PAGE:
I got an email a week or so ago. It was from a Connecticut resident, now a student at Boston University. Chris wanted to know if I’d answer a few weather questions for an article in the BU daily… and so I did.
Boston — when it sizzles, and shivers
Why Hub’s weather may be the ‘world’s worst’
With wintertime temperatures rivaling those of southern Alaska and summertime heat akin to south Florida’s, it is no wonder Boston’s climate is often referred to by locals as the “world’s worst.”
It is not difficult to find a Boston University student who will admit that on frigid January mornings any exposed skin feels as though it will turn to ice.
“I don’t want to leave my room in the winter for fear that my ears are going to fall off,” said Lizzy Bleck, a College of Engineering sophomore and Massachusetts local.
On the other hand, for the cold-weather-lovers the summer heat is anticipated with dread. According to Weather.com average summertime highs for Boston measure in the low 80’s — but they often climb higher than that. This past summer, the thermometer read 100 on two separate occasions.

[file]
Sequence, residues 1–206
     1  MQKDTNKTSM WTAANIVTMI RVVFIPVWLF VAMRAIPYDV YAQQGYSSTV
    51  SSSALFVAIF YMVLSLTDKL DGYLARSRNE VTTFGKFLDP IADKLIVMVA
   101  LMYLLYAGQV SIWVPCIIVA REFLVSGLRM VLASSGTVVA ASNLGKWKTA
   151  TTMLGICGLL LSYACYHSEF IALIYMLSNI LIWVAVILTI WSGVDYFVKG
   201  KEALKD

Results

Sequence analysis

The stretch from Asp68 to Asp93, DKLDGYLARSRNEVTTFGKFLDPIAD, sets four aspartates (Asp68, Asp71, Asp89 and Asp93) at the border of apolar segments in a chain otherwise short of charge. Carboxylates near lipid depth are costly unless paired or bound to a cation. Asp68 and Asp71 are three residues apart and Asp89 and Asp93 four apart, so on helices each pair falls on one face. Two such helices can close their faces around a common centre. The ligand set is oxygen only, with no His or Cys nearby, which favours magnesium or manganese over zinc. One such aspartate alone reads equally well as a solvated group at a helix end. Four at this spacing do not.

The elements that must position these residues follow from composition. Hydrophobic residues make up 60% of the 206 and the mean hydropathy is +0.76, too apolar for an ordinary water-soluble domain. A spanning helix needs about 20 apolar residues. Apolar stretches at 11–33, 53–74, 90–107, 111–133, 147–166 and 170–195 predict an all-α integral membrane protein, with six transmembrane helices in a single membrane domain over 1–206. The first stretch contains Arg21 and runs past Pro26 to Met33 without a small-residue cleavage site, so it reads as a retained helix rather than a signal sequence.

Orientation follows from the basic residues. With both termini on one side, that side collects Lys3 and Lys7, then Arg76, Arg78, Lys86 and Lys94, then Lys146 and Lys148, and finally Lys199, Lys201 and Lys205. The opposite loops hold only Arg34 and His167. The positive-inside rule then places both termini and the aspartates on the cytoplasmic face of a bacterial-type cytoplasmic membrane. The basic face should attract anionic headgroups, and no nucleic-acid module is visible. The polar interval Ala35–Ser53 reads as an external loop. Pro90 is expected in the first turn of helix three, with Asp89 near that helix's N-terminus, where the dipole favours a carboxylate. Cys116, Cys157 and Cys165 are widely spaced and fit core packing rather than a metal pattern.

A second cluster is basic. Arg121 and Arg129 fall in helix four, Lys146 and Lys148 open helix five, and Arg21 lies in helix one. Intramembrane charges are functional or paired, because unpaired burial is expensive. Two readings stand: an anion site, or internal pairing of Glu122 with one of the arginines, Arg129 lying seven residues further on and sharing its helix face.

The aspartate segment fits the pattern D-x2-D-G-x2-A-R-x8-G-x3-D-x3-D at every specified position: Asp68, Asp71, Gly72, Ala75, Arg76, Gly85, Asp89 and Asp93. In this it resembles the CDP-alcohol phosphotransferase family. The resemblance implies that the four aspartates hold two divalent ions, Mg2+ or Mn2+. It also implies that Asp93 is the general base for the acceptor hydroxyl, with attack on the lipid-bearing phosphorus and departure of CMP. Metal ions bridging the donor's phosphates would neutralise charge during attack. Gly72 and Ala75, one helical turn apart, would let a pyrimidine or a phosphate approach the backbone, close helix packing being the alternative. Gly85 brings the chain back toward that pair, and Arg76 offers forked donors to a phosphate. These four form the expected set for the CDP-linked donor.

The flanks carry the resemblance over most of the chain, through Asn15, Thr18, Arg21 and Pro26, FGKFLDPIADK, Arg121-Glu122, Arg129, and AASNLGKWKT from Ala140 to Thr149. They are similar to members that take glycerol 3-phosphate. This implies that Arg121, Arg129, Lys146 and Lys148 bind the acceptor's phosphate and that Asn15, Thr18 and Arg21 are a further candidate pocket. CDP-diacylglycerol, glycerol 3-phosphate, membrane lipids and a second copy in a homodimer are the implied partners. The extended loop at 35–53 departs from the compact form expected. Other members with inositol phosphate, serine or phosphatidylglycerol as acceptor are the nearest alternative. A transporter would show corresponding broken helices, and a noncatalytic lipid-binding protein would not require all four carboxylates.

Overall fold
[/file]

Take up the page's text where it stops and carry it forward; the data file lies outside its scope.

“I hate the Boston heat,” said Ryan Steele, a College of Communication sophomore. “I really just feel like staying cooped up in the air conditioning all day.”
While Boston has many less-than-desirable possible weather conditions, compared to other cities with notoriously poor weather Beantown looks fortunate.
Geoff Fox, a meteorologist at New Haven, Conn.’s WTNH-TV, described Boston’s weather as ‘samples’ rather than a set climate.
“Truth is, in New England we don’t get weather, we get samples,” Fox said in an email. “Think about it. Whatever happens anywhere else also happens here. That includes heat waves, hurricanes, blizzards and flooding. We even get tornadoes from time to time.”
Fox then outlined the cause of Boston’s wacky weather.
“Weather is attracted to us because of our location,” he said. “We’re far enough north to get the full brunt of winter weather … Being close to the ocean, we also get Atlantic storms. When really cold air blows over the relatively mild Atlantic, storms form on the spot — and they can be our worst.”